Why connecting is good for our brains but social distance is not …

Today, the government is serious, a fine of $300 will be imposed on anyone who defies safe distancing rules. I discover, during this period, that I’m a sociable Introvert. Telecommuting is not the heaven I imagine it to be.

In Singapore, we even have a dish that requires us to engage socially, the lo-hei, a raw dish salad dish that we toss and wish each other blessings. Networking is the oil which culture is passed. Covid-19 is spread across this networking.

I am digging up a book by Michael Lieberman, Social: Why Our Brains Are Wired to Connect. Social anthropologists such as Dunbar have long hypothesized that a species’ brain size or its neocortex is a function of its social group. Most animals have brains in proportion to their body size – species with larger bodies often have larger brains. But humans have bigger brains, six times larger than that expected for our body size.

This has puzzled researchers, as the brain is draining resource – burning 20% of the body’s energy while accounting for only 4% of its mass.

As evolution tends to eliminate waste, how did humans evolve large, energy-consuming brains?

A dominant hypothesis suggests that challenging social interactions were the driving force. Ecological problems only lead to human-sized brains when individuals can keep learning hard skills as they grow. When individuals learn from allies their culturally accumulated knowledge, such as making fire. Mauricio González-Forero and those of others suggest that a hard ecology and the accumulation/ transmission of cultural knowledge socially could act in concert to produce a human sized brain.

Why do we need to connect? Whether you believe in evolution or are a creationist, research seems to point that human survival is wired for it.

There is a price tag on relationships. Studies on the brain’s reward center, which turns on when people feel pleasure, found that the brain’s reward centre was indeed more active when people gave $10 to charity than when they received $10.  Emily Esfahani Smith

But the law of nature demands that sometimes, we have to be alone. A caterpillar enters a cocoon stage before it transforms into a butterfly. To transform from the ordinary world to the world of adventure, a hero needs to cross the threshold of tension between safety and growth. There is an illusion of safety when we hold on the familiar. Or now, during covid-19 when being safe means to keep a social distance.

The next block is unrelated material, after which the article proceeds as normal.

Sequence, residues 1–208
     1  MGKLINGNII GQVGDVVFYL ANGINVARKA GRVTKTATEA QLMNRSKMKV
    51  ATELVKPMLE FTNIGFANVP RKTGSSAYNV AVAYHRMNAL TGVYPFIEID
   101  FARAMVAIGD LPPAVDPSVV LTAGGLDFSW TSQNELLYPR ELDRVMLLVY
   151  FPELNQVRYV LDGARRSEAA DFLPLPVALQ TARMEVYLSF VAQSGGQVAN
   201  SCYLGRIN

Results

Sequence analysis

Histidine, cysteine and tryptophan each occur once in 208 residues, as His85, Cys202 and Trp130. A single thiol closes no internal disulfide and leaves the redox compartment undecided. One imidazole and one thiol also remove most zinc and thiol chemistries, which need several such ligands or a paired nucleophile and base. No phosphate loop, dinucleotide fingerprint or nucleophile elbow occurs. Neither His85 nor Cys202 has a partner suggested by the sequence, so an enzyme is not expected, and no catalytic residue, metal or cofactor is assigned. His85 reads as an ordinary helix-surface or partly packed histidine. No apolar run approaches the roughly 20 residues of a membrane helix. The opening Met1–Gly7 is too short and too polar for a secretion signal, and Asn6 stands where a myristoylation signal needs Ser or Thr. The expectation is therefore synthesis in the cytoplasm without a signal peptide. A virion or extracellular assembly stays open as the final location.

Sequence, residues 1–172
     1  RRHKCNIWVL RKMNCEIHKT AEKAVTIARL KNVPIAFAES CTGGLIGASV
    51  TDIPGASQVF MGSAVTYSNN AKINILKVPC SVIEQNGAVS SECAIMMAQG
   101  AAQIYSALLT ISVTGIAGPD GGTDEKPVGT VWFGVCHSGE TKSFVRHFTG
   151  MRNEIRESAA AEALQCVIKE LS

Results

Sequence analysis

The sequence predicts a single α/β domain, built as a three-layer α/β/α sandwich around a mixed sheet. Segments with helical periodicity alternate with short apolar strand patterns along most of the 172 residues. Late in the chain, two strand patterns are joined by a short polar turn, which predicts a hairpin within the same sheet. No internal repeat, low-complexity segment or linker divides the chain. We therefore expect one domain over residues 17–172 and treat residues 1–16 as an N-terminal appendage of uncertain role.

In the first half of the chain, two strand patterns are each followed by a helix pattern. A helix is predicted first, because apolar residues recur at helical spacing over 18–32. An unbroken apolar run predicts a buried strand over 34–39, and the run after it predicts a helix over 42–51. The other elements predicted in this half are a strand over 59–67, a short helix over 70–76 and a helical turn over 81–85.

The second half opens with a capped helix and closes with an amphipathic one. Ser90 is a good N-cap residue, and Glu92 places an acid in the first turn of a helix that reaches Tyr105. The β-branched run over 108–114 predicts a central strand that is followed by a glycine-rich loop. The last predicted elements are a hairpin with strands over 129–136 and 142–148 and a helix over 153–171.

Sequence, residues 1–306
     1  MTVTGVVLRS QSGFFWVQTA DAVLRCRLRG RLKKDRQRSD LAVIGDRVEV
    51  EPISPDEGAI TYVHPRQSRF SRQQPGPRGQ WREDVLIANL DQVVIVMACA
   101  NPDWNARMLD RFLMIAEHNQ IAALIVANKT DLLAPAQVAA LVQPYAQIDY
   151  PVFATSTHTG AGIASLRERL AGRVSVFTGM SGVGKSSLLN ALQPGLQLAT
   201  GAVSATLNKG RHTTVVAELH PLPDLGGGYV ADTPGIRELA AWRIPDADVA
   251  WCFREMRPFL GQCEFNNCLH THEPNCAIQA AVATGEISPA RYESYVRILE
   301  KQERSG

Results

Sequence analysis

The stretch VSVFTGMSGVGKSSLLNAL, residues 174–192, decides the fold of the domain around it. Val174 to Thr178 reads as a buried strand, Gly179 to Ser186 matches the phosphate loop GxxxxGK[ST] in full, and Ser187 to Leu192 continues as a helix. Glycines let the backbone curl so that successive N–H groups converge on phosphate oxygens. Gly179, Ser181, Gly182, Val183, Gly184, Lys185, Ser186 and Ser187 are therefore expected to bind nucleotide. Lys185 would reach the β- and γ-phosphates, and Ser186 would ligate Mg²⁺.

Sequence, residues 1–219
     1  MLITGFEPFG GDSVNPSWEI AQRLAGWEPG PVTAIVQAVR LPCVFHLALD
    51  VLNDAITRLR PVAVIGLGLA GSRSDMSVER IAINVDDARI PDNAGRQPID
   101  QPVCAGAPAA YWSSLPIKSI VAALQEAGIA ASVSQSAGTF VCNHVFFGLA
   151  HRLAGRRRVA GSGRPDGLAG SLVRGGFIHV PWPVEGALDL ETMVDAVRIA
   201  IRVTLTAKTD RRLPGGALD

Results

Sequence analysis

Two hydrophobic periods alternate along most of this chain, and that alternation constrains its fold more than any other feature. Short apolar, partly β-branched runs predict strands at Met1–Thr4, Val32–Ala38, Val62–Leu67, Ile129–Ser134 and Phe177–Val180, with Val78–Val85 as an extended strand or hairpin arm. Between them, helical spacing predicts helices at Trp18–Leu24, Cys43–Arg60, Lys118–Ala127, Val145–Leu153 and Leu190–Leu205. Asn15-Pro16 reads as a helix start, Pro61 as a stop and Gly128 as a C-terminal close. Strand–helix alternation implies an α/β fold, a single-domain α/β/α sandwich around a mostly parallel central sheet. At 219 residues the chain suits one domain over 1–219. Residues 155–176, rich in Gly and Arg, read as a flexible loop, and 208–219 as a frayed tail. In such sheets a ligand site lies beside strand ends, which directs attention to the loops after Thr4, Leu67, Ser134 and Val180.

The path of transformation starts with recognising that the pull of the familiar which is no longer relevant.

  1. Know thyself. To embark on a hero’s journey of personal transformation, start with self knowledge. There are several tools you can try: Strengths based VIA, or Jung influenced 16 personalities. As Socrates puts it, “The unexamined life is not worth living”.
  2. Future Self. While most strengths based instruments look at your top 5 strengths, another use of the VIA, is to examine the bottom 5 strengths that are underutilised or ignored. In my case, it is “creativity”, “zest” and “leadership”. This period of isolation gives me the space to map out where I want to be one year from now and the road map to get there.
  3. Goal-setting. World renowned educator and business coach, Marshall Goldsmith, Career Coach suggests in “What got you here, won’t get you there”, that we ask 6 questions with our team, “Where are you going”, “Where are we going”, “What are some suggestions for improvement”, “How can I help”, “What are some suggestions for me to be a better manager”. Some goals to work on, could be to ask yourself daily questions. “Did I do my best today” to: be happy, have positive relationships, meaning work towards my goals. Take up courses at Linkedin Learning or learn UX at GA.
  4. Build Accountability. “In leading through relationships”, Leadership Imagineer,Simon Bailey suggests that you can either get a coach or an accountability partner to go on the journey with you on developing yourself. Meet via Skype or any technology platform.
  5. Virtual Watercooler. One of the things we miss about going to work is bumping into colleagues at the pantry, or popping into your boss office for a quick check-in. Or catch up on office gossip during lunch, or on the way to the washroom. All that is gone with WFH. Teams at General Assembly have moved their happy hours online, as that is part of social grooming which is a necessary part of working life and building company culture. Others have created online exercise time together.
  6. Transition. Before WFH, the commute time from work to home allows the brain to decompress and signal that we are entering a different space. With WFH, that demarcation is gone and the overspill can create some form of anxiety or stress. Go for a walk- with your mask on, or play some music. Visualise the evening or start a gratitude journal on how you’ve survived another day.

In the meantime, stay safe. Only two more weeks to go.

Photo credit: NL, Taxi drivers having a conversation while waiting for customers, Okinawa 2018

Leave a Reply

Fill in your details below or click an icon to log in:

WordPress.com Logo

You are commenting using your WordPress.com account. Log Out /  Change )

Google photo

You are commenting using your Google account. Log Out /  Change )

Twitter picture

You are commenting using your Twitter account. Log Out /  Change )

Facebook photo

You are commenting using your Facebook account. Log Out /  Change )

Connecting to %s

%d bloggers like this: